base:mathematics_in_assembly_part_3

This shows you the differences between two versions of the page.

— |
base:mathematics_in_assembly_part_3 [2015-04-17 04:32] (current) |
||
---|---|---|---|

Line 1: | Line 1: | ||

+ | ====== Prologue ====== | ||

+ | |||

+ | Hello dear sceners, this is the third chapter of my tutorial on maths in assembly, | ||

+ | first published in "GO64!" magazine. The first two chapters of this turorial were | ||

+ | re-published in "Attitude #4" and "Domination #17". Have a nice read! | ||

+ | |||

+ | ====== Mathematics in Assembly, Part 3 ====== | ||

+ | |||

+ | After increasing the precision of our numbers we're going to have a look at a | ||

+ | slightly more difficult topic, namely the multiplication. But take it easy, this | ||

+ | a bit more complex mathematic operation can be done in many different ways, | ||

+ | depending on the memory an execution time requirements. The simplest implementation | ||

+ | of the multiplication would of course be a simple loop which just increases a zero- | ||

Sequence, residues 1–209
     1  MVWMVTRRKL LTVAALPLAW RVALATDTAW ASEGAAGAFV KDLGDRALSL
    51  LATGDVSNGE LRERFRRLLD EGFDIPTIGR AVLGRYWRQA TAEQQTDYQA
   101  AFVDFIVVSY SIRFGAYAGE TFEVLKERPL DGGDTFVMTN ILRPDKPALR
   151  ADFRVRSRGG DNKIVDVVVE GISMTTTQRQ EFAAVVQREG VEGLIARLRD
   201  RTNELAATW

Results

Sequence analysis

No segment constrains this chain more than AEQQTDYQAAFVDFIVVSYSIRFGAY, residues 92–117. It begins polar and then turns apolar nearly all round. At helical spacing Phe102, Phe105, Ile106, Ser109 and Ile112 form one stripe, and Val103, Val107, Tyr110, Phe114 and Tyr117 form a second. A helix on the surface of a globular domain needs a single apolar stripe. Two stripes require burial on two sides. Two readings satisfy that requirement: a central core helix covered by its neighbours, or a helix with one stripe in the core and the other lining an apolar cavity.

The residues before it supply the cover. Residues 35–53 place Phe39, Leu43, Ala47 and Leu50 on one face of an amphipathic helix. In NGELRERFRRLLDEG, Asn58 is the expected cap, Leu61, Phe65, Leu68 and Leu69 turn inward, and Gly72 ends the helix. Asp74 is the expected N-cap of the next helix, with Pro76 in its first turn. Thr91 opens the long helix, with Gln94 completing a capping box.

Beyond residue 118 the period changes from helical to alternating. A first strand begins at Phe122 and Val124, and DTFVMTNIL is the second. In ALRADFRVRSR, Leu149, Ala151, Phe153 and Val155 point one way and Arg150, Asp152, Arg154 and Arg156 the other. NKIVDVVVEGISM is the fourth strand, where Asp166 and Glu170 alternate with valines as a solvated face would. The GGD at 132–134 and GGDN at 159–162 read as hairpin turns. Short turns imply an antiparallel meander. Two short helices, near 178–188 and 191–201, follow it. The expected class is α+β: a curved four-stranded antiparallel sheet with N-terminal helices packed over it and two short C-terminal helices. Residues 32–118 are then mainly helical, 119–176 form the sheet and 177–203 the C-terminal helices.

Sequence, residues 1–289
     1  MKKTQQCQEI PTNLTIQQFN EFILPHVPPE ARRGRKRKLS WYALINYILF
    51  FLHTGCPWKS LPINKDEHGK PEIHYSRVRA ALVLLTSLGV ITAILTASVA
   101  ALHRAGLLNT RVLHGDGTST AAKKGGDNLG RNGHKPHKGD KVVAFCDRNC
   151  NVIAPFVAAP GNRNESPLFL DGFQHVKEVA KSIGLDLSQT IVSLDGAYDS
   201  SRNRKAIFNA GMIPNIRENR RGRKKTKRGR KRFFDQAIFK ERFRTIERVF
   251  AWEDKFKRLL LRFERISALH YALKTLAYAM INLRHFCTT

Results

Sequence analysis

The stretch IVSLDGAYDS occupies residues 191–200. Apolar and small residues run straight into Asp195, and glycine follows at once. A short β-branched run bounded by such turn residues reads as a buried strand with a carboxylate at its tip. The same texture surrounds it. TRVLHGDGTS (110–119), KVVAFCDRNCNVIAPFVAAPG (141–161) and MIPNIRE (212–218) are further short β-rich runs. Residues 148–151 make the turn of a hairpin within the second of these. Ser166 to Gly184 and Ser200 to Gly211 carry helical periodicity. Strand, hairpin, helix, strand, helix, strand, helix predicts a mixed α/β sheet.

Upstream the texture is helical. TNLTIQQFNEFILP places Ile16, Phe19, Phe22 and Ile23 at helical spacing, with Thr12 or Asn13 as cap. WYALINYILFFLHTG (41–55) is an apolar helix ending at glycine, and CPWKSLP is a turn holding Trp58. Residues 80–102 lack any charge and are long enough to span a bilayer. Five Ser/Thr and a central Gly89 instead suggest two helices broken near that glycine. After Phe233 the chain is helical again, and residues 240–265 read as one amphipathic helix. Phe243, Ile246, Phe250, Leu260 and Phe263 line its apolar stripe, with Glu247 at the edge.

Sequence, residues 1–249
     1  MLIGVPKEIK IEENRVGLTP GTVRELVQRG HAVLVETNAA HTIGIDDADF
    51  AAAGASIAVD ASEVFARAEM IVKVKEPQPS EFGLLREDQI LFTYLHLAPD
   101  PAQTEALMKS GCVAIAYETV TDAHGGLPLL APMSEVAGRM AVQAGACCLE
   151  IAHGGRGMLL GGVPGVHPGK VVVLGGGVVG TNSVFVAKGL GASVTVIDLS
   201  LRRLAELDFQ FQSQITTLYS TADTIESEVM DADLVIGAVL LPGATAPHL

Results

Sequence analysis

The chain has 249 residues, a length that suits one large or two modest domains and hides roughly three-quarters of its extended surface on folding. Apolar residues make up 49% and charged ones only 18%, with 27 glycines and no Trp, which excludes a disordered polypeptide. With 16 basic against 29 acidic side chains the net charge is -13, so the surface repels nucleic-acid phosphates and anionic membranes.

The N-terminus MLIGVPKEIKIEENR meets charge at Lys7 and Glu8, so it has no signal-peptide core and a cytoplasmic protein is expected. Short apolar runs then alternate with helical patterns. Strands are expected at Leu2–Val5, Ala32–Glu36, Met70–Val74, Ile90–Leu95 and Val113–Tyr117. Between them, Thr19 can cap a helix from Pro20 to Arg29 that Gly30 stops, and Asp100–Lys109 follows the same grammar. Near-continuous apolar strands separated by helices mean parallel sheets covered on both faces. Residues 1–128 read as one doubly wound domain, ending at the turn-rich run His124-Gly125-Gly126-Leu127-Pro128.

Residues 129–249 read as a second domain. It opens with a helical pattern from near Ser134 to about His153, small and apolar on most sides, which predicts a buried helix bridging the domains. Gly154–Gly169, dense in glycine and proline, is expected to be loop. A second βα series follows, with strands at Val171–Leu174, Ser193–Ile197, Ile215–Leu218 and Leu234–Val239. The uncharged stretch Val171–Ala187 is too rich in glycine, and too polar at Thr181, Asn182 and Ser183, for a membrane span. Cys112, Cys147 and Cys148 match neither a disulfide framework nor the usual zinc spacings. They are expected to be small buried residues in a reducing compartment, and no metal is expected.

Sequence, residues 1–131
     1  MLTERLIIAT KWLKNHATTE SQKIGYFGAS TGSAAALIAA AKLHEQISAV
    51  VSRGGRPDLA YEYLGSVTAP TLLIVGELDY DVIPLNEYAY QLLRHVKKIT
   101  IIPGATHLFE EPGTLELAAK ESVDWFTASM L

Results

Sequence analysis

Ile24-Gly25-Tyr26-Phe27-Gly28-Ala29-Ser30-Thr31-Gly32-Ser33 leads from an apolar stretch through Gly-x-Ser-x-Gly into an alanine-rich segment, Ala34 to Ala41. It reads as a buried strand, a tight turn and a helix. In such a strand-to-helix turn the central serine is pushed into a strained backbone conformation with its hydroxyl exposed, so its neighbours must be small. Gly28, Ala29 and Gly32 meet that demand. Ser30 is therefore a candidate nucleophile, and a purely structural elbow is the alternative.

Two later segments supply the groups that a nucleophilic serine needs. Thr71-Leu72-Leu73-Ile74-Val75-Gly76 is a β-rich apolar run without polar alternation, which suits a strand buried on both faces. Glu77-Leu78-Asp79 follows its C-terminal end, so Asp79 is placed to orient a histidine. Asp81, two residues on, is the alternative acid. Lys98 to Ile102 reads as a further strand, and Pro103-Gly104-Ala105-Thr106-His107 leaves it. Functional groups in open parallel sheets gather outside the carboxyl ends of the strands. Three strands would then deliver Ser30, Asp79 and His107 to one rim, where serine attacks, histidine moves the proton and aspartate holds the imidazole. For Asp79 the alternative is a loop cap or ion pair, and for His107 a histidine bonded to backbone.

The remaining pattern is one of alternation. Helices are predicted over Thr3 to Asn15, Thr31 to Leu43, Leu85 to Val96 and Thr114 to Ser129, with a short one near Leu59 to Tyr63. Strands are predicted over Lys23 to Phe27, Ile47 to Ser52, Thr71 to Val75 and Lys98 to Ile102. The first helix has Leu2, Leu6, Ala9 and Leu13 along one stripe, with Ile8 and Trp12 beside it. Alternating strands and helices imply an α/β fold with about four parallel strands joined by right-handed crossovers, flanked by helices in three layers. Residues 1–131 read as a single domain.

+ | initialised counter by the first multiplication factor as often as the absolute | ||

+ | value of factor 2 demands. This extremely inelegant brute force method is naturally | ||

+ | very inefficient and slow, that's why it's just mentioned in passing here and not | ||

+ | going to be discussed in any more detail. let's take a look at some more elegant | ||

+ | approaches: | ||

+ | |||

+ | ====== Multiplication by Constants ====== | ||

+ | |||

+ | A kind of multiplication relatively often needed is to multiply by constants, as it | ||

+ | just takes quite a small and fast algoritm. As an example constant we just take 11 | ||

+ | ($0B, %00001011). Using our knowledge about binary arithmetic, we can easily reduce | ||

+ | this number to powers of two: | ||

+ | |||

+ | <code> | ||

+ | 11 = 8 + 2 + 1 | ||

+ | = 2^3 + 2^1 + 2^0 | ||

+ | </code> | ||

+ | |||

+ | If we wanted to multiply this number with let's say 25 ($19, %00011001), it would | ||

+ | look like this if written on paper: | ||

+ | |||